HOUSTON—In the Houston Astros clubhouse Justin Verlander pulled on a suit—a suit, it must be pointed out given the way he had just pitched Saturday, that did not include a cape—and just kept wrenching postseason baseball further back in time, back to long October shadows, Gibsonian glares, Kodachrome snapshots and bullpen doors that never opened.
“Ice?” he replied to a question about arm care after he became only the seventh man to throw a postseason complete game with as few as five hits and as many as 13 strikeouts. The great Bob Gibson had been the first. “No. I never ice.”
Game 2 of the ALCS, a 2-1 victory for Houston over the Yankees, will go down as The Verlander Game. In one of the rarest exhibitions of pitching and purpose the game allows these days, Verlander threw a complete game with 124 pitches, something that had not been done in 10,776 consecutive regular season and postseason starts, dating to 2015. The last of 71 fastballs he threw, his penultimate pitch, was clocked at 96.7 miles per hour.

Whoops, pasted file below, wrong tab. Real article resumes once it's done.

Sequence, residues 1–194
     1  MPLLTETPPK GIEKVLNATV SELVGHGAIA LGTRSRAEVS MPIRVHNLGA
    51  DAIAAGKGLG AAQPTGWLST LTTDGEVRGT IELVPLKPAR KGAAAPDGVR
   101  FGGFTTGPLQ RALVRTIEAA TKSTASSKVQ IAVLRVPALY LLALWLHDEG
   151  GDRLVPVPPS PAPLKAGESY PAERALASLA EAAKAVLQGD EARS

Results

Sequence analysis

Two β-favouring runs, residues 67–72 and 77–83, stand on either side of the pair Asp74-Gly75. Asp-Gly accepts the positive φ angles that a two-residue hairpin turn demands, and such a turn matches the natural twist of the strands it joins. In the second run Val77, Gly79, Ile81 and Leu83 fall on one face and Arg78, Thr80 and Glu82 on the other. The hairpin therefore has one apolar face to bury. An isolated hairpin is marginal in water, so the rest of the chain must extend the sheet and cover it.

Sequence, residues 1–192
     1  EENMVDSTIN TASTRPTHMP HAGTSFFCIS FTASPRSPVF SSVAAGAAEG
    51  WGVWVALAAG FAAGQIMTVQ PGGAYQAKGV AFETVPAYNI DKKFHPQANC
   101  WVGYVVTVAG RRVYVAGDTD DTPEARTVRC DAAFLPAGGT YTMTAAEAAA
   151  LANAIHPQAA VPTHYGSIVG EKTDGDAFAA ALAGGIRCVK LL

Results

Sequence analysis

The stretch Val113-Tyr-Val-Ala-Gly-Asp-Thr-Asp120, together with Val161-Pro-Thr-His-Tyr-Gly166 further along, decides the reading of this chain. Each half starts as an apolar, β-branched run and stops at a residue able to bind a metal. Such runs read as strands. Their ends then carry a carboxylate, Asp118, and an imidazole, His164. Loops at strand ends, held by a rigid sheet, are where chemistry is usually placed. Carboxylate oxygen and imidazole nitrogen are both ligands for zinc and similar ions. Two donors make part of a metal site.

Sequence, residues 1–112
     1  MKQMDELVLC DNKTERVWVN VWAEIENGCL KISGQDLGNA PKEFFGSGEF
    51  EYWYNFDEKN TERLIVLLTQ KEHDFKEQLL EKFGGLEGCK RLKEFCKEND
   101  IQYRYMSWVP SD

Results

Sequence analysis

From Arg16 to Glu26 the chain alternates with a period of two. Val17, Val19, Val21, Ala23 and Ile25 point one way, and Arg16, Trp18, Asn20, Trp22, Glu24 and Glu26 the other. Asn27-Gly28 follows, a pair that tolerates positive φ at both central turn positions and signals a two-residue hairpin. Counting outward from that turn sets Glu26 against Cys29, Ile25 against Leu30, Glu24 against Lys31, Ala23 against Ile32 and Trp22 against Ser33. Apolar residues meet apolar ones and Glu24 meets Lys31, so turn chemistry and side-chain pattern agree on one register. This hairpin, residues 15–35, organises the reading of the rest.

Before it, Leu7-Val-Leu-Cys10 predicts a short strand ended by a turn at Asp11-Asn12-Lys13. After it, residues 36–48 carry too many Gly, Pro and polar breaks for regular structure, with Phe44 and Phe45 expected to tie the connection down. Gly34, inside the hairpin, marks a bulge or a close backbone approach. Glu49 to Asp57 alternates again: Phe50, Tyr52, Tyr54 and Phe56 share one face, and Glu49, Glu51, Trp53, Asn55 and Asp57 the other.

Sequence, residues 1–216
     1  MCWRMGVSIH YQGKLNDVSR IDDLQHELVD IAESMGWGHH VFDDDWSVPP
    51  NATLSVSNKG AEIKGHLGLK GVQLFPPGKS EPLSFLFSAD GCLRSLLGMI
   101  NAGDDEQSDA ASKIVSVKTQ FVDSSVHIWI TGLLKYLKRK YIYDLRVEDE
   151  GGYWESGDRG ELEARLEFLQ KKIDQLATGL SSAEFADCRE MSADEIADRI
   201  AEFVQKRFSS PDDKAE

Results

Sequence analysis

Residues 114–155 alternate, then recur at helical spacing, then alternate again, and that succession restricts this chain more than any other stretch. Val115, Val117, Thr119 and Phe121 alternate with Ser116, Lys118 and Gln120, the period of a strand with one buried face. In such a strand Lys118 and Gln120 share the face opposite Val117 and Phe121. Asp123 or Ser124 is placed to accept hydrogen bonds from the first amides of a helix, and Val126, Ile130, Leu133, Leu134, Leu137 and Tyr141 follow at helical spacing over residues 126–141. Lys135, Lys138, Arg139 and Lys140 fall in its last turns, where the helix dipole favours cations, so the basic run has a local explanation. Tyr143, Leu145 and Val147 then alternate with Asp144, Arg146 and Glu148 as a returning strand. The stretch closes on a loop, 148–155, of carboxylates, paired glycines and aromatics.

All of it—the nerve and verve, the hellacious slider made possible by escaping Detroit for the Astros and their state-of-the-art technology, the purpose and re-commitment he found from an undressing three years ago from his manager—all of it Saturday risked the emptiness of a no-decision